Tolls Are Not The Answer

Beyond private sector financing, there is a lot of speculation that the solution to financing transportation is through tolls for cars and trucks. Lots of people are calling for an “adult conversation” about road pricing, property tax hikes, and even regional sales taxes.

This is understandable - drivers are the ones who use the roads.

Glen Murray does not think it’s the right way to go.

Glen Murray does not think Ontario families should pay more right now in the GTHA.

The middle class is taxed out.  They need relief.  Road and transit users are taxed out.  

As Ontario Liberals, we have to recognize that cranking charges on people who commute to work is forcing revenue measures on hard-working taxpayers who are just trying to get around, and who are in many cases well below the middle-income level.  

We simply cannot expect hard-pressed commuters in Agincourt, Rexdale, Brampton, Halton, Stoney Creek or Whitby to just come forward with money that they simply do not have.

We need to ask less of those who can afford less, and more from those who are getting the greatest benefit from transportation investment - the private sector.  

Transit adds immense value to private development, if the private sector is encouraged to develop alongside good transit and roads.

To meet the employment needs of the GTHA in the next 30 years, we’re going to need 100 million square feet of new office space.

We should start thinking now about where this will work best, and how people will get to these places every day.

And we should work with private developers to plan for this, together. Ontario can provide incentives for developers, such as density bonuses in return for significant private investment in new transit lines and roads. This is done much more extensively in other parts of the world - it’s time to do it in Ontario too.  

The Gardiner Expressway

Ontarians in the North, East and Southwest probably don’t think much about the Gardiner Expressway. Southern Ontarians are frustrated by it - it’s crumbling and crowded, and yet they need it to get into the city from the west by car.

And like it or not, it’s vital - the Gardiner is one of the principal routes into the core of our province’s economic engine.  At between 80-100,000 cars each day, it’s a significant part of the entire GTHA’s infrastructure.

Various studies and experts disagree about the pace of its deterioration.  But everyone agrees that we need a solution fast, before someone gets hurt and the Gardiner becomes unusable.

Glen Murray’s personal view is that the Gardiner needs to come down.

Boston and San Francisco are moving well without the elevated expressways they used to have.

In Boston’s case it was costly and in San Francisco’s it was because of an earthquake but both cities function well without their highways in the sky now.

New York stopped building them altogether back in the 1970s. It’s time for Ontario to think big, and that means thinking about how to get beyond this road relic of the 1950s.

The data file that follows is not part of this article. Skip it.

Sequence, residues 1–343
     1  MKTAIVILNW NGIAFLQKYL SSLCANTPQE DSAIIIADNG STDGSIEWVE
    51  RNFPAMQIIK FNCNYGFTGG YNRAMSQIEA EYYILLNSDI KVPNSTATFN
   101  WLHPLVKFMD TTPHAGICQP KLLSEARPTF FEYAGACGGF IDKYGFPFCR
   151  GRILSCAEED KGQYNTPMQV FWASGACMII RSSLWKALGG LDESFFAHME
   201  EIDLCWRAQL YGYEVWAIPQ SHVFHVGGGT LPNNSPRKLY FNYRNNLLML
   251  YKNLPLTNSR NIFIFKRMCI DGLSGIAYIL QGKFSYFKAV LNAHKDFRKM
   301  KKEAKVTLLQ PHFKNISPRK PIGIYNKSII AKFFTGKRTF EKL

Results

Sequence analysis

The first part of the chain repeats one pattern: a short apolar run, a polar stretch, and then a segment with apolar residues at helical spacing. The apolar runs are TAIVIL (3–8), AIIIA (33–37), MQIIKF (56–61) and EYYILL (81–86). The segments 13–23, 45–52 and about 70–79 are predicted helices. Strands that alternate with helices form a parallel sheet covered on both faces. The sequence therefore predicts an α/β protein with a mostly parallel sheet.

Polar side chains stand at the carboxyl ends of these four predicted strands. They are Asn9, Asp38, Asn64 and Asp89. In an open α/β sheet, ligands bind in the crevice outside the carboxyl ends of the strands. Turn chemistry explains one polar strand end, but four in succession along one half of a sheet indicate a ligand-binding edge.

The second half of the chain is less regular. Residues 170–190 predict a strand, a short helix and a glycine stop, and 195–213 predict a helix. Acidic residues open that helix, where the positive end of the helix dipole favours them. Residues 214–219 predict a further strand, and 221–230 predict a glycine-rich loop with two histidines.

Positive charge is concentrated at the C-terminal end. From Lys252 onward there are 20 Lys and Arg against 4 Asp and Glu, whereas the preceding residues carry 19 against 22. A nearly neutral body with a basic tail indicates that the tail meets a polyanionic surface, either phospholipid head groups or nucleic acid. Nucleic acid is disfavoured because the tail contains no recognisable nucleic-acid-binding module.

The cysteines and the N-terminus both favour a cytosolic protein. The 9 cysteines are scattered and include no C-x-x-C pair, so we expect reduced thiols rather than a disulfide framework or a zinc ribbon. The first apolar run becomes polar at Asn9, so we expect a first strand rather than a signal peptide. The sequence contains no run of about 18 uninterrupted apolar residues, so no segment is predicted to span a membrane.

As Premier, Glen Murray has a plan. First, we need to make sure there’s alternative access by car to the city. It’s not realistic to expect 100,000-plus people to hop on bicycles and pedal in from Oakville.  

So we need to plan alternative access to the city core from the west - this is one of the tasks our new super-ministry will be asked to take on. It will also need to address the broader questions:

How do we keep it all moving and build solutions at the same time?

How will we pay for an undertaking of this size?

The best way is to leverage development along the Gardiner corridor, working with developers to pay in return for development rights along the way.

There will be no free rides for those who work with us. Bringing down the Gardiner will create tremendous value for both the public and private sector players

Developers who will benefit from these streams of traffic and the value they create will bear some of the cost of the infrastructure, so all can share in the benefit of the investment.

There’s only one way all this can happen. The province must lead.

Capital funding from Queen’s Park can and should play a part.  But before Glen Murray and Ontario Liberals ask taxpayers in Thunder Bay or Elgin County to help foot this bill, he will make sure we’ve done everything we can to leverage Toronto assets.  

For example, we can do a lot more to put the Toronto’s west-end Waterfront to work, and help pay for better transportation along the western corridor.

Decades have gone by since former Toronto mayor David Crombie recommended that the Canadian National Exhibition Lands be amalgamated with Ontario Place and developed into an exciting new neighbourhood and a waterfront recreational space on par with the best in the world. And 15 years ago the Toronto Waterfront Task Force started the ball rolling in the central and eastern part of the city’s lakeshore.  A year ago, after the province closed Ontario Place, John Tory’s Task Force came up with a number of good ideas worth considering.

What are we waiting for? As Premier, Glen Murray would use his background in city building and getting disparate stakeholders to work together to make sure we get going now, not in the distant future.  

The CNE Lands are underused much of the year - this is property that could be working to help pay for solving our western transportation problems.

By working together and developing the CNE Lands and into a medium-density neighbourhood that maintains its stock of heritage architecture, the province and the city could realize a one-time, major dollar benefit.  Private sector experts calculate that this benefit is sufficient not only to redevelop Ontario Place into the world-class attraction that everyone wants, but also to provide much of the funding needed to deal with the Gardiner and the western approaches to downtown Toronto.

We need provincial leadership and we need to be open to ideas we’ve looked at casually up to now.

It’s time to do more than consider. It’s time to listen, learn - and lead.

For more information:
Emily Kirk
647 668 1076
emily.kirk@renewliberal.ca